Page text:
Second, TOP campaigned for and helped elect a new, equity-minded Harris County Judge, who oversees the county’s boards and commissions and has considerable power over disaster relief spending. Linda Hidalgo, the candidate who was elected to replace Ed Emmet in 2018, remains in office today.
The third step in TOP’s strategy involved developing relationships with elected officials and bureaucrats, including Hidalgo, holding them accountable to their campaign promises and building a co-governance model in which community members and government officials work together to build an equity framework for distributing disaster funding.
These tactics got results. In 2019, Harris County passed the Harris Thrives Resolution, which included an equity-based framework that prioritized post-natural disaster projects for low-income communities that would not be able to rebuild on their own. In 2020, Harris County Flood Control District Task Force became the Harris County Community Flood Resilience Task Force, which focuses on equity, health, safety, community engagement, and increased transparency in flood recovery and resilience.
In 2020 and 2021, Harris County and Houston received $2.3 billion in federal funding for COVID relief through the CARES Act and the American Rescue Plan, respectively. Government officials used the Social Vulnerability Index, a metric that utilizes variables often left out of traditional cost-benefit analysis to evaluate how to spend this money. Considerations include the communities’ income, the percentage of residents who are elderly, their English proficiency, and the percentage of residents without a vehicle, among other factors that may affect a community’s ability to recover from a natural disaster.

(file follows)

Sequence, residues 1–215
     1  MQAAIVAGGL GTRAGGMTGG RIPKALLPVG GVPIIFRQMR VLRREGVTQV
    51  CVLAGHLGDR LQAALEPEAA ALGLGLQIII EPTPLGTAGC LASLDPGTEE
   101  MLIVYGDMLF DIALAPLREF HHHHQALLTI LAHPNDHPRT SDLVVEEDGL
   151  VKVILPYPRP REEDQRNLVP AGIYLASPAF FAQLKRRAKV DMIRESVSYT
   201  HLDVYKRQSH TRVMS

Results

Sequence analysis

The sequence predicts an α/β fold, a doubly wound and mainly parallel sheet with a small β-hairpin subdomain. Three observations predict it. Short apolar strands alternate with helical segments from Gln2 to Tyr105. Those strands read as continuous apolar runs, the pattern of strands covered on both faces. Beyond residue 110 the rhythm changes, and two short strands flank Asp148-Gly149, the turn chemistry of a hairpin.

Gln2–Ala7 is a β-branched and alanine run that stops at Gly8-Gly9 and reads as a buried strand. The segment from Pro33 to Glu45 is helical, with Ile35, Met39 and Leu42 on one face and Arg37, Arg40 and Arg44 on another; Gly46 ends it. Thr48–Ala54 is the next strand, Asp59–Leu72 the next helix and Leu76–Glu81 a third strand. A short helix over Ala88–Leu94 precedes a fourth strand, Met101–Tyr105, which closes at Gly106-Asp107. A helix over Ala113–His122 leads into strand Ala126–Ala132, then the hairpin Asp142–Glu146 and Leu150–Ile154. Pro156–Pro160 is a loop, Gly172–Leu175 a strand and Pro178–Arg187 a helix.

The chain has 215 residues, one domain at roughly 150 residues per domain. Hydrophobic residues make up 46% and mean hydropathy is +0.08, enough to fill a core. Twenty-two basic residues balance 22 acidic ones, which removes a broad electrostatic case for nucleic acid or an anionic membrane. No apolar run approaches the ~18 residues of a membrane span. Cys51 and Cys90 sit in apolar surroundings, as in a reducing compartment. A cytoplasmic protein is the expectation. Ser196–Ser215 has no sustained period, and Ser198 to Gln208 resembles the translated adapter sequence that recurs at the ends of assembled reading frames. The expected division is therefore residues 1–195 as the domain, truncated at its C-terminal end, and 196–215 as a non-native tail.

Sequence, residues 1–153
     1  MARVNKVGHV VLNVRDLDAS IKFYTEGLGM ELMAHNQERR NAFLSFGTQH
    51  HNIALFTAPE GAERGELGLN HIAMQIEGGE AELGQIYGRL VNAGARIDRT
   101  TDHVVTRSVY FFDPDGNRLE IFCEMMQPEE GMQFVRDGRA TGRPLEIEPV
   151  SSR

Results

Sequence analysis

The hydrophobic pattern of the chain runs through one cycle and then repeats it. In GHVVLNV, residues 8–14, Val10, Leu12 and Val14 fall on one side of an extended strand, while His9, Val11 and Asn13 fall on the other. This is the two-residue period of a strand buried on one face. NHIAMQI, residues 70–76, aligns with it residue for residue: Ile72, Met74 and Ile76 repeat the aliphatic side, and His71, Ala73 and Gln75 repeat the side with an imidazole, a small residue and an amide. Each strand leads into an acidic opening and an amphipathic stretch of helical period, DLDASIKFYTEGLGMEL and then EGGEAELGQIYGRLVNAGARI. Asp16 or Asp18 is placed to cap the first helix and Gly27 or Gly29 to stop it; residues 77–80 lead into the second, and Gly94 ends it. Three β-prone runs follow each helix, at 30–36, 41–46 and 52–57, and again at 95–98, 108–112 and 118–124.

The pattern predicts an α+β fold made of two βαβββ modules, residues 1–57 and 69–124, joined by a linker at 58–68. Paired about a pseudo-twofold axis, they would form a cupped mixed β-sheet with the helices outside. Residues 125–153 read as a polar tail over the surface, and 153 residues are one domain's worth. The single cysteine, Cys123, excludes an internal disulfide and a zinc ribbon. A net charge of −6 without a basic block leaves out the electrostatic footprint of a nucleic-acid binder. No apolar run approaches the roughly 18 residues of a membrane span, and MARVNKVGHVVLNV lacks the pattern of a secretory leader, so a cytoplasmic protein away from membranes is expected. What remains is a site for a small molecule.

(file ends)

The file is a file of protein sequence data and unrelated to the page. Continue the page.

These critical victories would not have happened without TOP’s consistent, targeted focus on building equity and democratic participation into local governance.
But Texas, at both the state and local levels, still has a long way to go to build and preserve equity in the face of climate disasters. In March, a report from the U.S. Department of Housing and Urban Development (HUD) found that the Texas General Land Office, the state agency responsible for distributing the funds — led by Texas Land Commissioner George P. Bush — denied Harris County over $1 billion. According to the investigation, Bush’s office “discriminated on the basis of race and national origin” and “substantially and predictably disadvantaged minority residents, with particularly disparate outcomes for Black residents.” Bush is currently running to be Texas attorney general.
Beyond Harvey, extreme weather events are happening more frequently throughout the state. As a result of climate change, storms are becoming more intense, and floods are becoming more severe. Texas’ power grid remains unstable more than a year after a 2021 freeze left 4.5 million residents without power. With millions of dollars of federal funding beginning to pour into cities through the Infrastructure Investment and Jobs Act and future climate disaster relief packages, the case study and TOP’s experiences offer a blueprint for organizers in other cities who aim to build more equitable, diverse, and representative local governments as they also meet the challenges of the climate crisis.
This post also appears on Next City's blog as part of its "Hear Us" series.